Best Beginnings Child Care Scholarship Program
Updates and Expanded Eligibility for the Best Beginnings Child Care Scholarship, Effective June 1, 2021
For families currently participating in the Best Beginnings Child Care Scholarship
- To support families in meeting their co-payment obligations, all Best Beginnings families will see their co-pays set to $10 per month
- To support families and the various scheduling needs that may arise, the Best Beginnings Child Care Scholarship will cover the full amount of scheduled care, regardless of attendance
For families that need help paying for child care
- Montana's sliding fee scale now expands eligibility to more families (Policies go into effect June 1, 2021, and are based on the Coronavirus Response and Relief Supplemental Appropriations (CRRSA) Act federal funding)
- Income eligibility has been increased to serve additional families
About the Program
The Early Childhood Services Bureau offers Best Beginnings child care scholarships to qualified low-income families whose child receives care from a licensed child care center, licensed group or family child care home, or Family, Friend, and Neighbor (FFN) child care provider. Each family participates in the cost of that care by making a copayment based on a sliding fee scale. Scholarships are available to working families whose income is at or below 185% of the Federal Poverty Guidelines and families who get cash assistance through the Temporary Assistance for Needy Families (TANF) program.
The program helps to pay for care when parents are not available to care for their children:
- During working hours;
- During school or training hours, if meeting work requirements;
- If they are a teen parent attending high school; or
- If they are a parent receiving TANF who is participating in family investment agreement activities.
Child care scholarships are available if the applicant is a working caretaker relative with children receiving TANF child-only grants.
Sliding Fee Scale
The Early Childhood Services Bureau is pleased to announce the update of the existing Sliding Fee Scale used for eligibility determination. This updates eligibility based on the 2021 Federal Poverty Index, and may change the rate of co-payment calculation based on the income and family size. Please contact your Child Care Resource and Referral Agency with questions.
How to Apply
Families who are working and earning less than 185% of the Federal Poverty Level are eligible. Family income is evaluated for eligibility and a co-payment is determined based on the Child Care Sliding Fee Scale. Effective June 1, 2021, co-payments are set at ten dollars ($10) per eligible family.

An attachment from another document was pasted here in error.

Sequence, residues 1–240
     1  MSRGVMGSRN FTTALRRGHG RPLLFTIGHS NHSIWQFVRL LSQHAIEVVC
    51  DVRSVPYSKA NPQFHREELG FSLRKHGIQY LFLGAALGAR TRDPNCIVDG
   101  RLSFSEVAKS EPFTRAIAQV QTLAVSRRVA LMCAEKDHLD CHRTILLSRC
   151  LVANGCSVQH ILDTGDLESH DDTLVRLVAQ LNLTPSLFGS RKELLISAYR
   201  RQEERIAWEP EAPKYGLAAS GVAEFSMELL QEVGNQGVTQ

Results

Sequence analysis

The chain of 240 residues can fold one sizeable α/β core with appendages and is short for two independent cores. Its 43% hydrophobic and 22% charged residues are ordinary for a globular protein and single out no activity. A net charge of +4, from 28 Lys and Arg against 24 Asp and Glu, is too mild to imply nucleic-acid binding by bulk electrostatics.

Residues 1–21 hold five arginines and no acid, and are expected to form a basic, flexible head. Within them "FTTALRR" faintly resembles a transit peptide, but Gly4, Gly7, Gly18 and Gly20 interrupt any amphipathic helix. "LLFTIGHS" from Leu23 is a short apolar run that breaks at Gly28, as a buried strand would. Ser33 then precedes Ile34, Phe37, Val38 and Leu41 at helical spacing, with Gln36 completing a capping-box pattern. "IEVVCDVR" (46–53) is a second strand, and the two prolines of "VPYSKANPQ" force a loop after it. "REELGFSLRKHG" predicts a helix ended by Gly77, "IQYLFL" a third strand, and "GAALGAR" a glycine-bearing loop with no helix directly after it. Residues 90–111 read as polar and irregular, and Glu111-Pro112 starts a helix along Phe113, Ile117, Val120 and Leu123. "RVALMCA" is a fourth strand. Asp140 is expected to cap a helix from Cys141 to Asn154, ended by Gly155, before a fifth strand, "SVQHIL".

Parents must be participating in eligible activities:
- Two-parent families shall work at least 120 hours per month.
- Single-parent families shall work at least 60 hours per month.
- Single parent or two-parent families in which all of the parents attend school/training full time, do not have to meet a work requirement.
- Single parent or two-parent families in which one or more of the parents attend school/training part time shall meet a work requirement that takes into account the education/training.
- Teen parents must be attending high school or a high school equivalency program.
Child care assistance is authorized for the parent(s) to attend work/school/training.
Families receiving TANF Cash assistance may receive a Best Beginnings Child Care Scholarship while participating in their Family Investment Agreement. TANF participants must contact their Child Care Resource and Referral agency to receive child care benefits.
Tribal families are dually eligible for child care assistance under both the Tribal CCDF Block Grant program and Montana Child Care Scholarship program. Families, who find they are not eligible for Tribal Block Grant Child Care, or find their Tribal Block Grant Child Care funding has been used, must demonstrate their Tribal Block Grant will not serve them before a Best Beginnings Child Care Scholarship will be approved.
In non-TANF households where one or both parents are absent from the home, the parent or guardian with whom the child resides must cooperate with Child Support Enforcement Division, have a court-approved parenting plan in place, be receiving court-ordered child support, or have been approved by their local CCR&R to have good cause for not cooperating with Child Support Enforcement.